The Washington Capitals have the oldest roster in the NHL this season with an average age of 31 and they’ve also been the most injured. Before the trade deadline, seemingly every time the team could go older it would, playing veterans over prospects like Aliaksei Protas, Connor McMichael, and Alex Alexeyev despite how good at times the kids have looked.
Capitals head coach Peter Laviolette has faced criticism from fans for his decision-making with his lineups and some have wondered if that has partially contributed to the team’s poor season.
During an interview on Monday with 106.7 The Fan’s Grant and Danny, general manager Brian MacLellan was asked a difficult question by Grant Paulsen: Is there a disconnect between him and Laviolette in terms of playing the kids?
Grant Paulsen: Maybe this is just the difference between being a GM and then being a head coach, right, because you’re always looking partially toward the big picture and if you’re Laviolette, in the final year of a contract, you’re worried about getting two points tonight. But I have been curious, Mac, if there’s ever a disconnect between you and him roster-wise in this regard. I love when you clear space like you did to create some opportunity. I’m going, right after the Orlov deal, I’m going to see Alexeyev at the game tonight. But then, no disrespect to Irwin or any of the other guys that aren’t high-end prospects, I’m waiting for these first-round picks to get a shot. I understand year-in, year-out, you’re trying to win a Cup, that doesn’t happen, but yet, you’re clearing space but still using some of the older guys rather than… let’s play Protas every single night. Are those conversations you guys have constantly? Are you in on ‘the who gets to play and who doesn’t’ (conversations with Laviolette) as well?
Brian MacLellan: To a certain extent, but I think the coach, that’s his responsibility to put the lines together. I can have input to a certain extent but you have to give him the responsibility of putting the team together, accomplishing what he wants to accomplish: who he wants to use on specialty teams, how he wants to match up against the other teams.
I don’t think it works for a manager to come in and control personnel situations. I can ask, ‘What about this? What about that?’ And then vice versa, you don’t want your coach making personnel situations, who we bring in. You want to keep him informed but there’s a relationship that has to go on between the two and each of them has to do their job.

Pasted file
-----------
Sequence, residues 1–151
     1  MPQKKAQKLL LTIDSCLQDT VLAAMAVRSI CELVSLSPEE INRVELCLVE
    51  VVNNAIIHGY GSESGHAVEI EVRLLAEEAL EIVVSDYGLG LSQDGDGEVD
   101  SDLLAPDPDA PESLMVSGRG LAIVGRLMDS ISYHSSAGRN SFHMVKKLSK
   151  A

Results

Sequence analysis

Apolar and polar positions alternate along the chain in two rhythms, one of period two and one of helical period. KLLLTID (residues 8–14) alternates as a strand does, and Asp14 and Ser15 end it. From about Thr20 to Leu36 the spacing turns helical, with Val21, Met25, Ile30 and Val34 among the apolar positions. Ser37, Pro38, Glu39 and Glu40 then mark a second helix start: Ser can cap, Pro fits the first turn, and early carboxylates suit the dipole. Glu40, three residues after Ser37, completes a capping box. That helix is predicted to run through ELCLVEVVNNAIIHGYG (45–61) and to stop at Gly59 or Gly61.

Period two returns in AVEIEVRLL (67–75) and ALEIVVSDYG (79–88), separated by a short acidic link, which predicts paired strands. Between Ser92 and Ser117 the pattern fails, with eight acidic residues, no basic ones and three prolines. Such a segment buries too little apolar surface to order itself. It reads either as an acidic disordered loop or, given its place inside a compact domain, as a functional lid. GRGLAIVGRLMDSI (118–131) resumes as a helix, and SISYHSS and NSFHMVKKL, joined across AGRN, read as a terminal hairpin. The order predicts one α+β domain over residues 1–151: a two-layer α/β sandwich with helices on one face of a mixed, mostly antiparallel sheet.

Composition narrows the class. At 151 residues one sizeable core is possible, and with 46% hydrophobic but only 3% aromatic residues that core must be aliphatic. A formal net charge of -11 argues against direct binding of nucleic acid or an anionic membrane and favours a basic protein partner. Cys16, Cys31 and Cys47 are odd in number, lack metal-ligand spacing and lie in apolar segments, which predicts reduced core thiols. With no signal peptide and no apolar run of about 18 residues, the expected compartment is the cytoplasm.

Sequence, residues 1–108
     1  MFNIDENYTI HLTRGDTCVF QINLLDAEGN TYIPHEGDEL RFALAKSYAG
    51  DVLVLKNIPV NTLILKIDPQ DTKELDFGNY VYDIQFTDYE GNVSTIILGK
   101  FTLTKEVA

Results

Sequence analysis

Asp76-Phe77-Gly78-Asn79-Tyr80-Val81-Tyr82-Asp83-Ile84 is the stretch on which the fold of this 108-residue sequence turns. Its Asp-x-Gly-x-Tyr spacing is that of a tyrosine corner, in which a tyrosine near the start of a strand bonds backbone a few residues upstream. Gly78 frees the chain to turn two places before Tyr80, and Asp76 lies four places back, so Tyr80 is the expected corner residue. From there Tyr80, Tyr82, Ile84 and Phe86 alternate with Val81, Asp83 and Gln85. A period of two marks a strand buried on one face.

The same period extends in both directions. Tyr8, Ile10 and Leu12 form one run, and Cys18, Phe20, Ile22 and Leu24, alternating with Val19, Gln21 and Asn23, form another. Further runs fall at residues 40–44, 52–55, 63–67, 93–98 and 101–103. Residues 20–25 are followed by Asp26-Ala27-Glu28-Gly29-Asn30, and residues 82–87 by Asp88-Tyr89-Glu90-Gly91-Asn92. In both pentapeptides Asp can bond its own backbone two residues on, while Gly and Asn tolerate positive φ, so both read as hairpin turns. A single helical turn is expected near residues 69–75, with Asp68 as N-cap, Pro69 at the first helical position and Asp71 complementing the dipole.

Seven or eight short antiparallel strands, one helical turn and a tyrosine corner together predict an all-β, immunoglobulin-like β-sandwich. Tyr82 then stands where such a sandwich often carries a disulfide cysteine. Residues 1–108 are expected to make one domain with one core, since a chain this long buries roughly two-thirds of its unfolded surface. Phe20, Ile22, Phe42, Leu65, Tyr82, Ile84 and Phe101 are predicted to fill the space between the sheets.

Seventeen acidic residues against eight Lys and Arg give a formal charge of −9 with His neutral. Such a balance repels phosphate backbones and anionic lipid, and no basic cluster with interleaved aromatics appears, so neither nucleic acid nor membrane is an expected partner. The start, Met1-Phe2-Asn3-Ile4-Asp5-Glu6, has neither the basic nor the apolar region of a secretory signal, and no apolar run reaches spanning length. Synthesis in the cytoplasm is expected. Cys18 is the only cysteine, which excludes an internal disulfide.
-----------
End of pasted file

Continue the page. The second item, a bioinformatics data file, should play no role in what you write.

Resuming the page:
In a follow-up question, MacLellan was asked if he was comfortable with the ice time the young players were getting and if it was a grey area due to the Capitals still trying to make the postseason and Laviolette being in the final year of his contract.
“It is grey, but I think, last game, Sandin and Alexeyev… two games ago, Alexeyev played the most minutes two games ago and Sandin was our number one defenseman,” MacLellan said. “I think you’re seeing it happen now on the backend. Part of it is injuries to Jensen. It’s happening now more than it has and we’ll see where it goes from here.”
In the same interview, though, MacLellan intimated that the team was likely soon to send down their top defense prospect Vincent Iorio, once again highlighting the real-time contrasts of the team’s direction.
“When we’re winning and competing for a championship, it’s tough to bring young guys in,” MacLellan said of the team’s rationale earlier in the season. “You can’t afford to develop, you can’t afford to help them [through] mistakes. That’s the way it goes when you’re competing for a championship.”
As of Wednesday, March 8, the Capitals have a 5.8 percent of making the postseason according to MoneyPuck.
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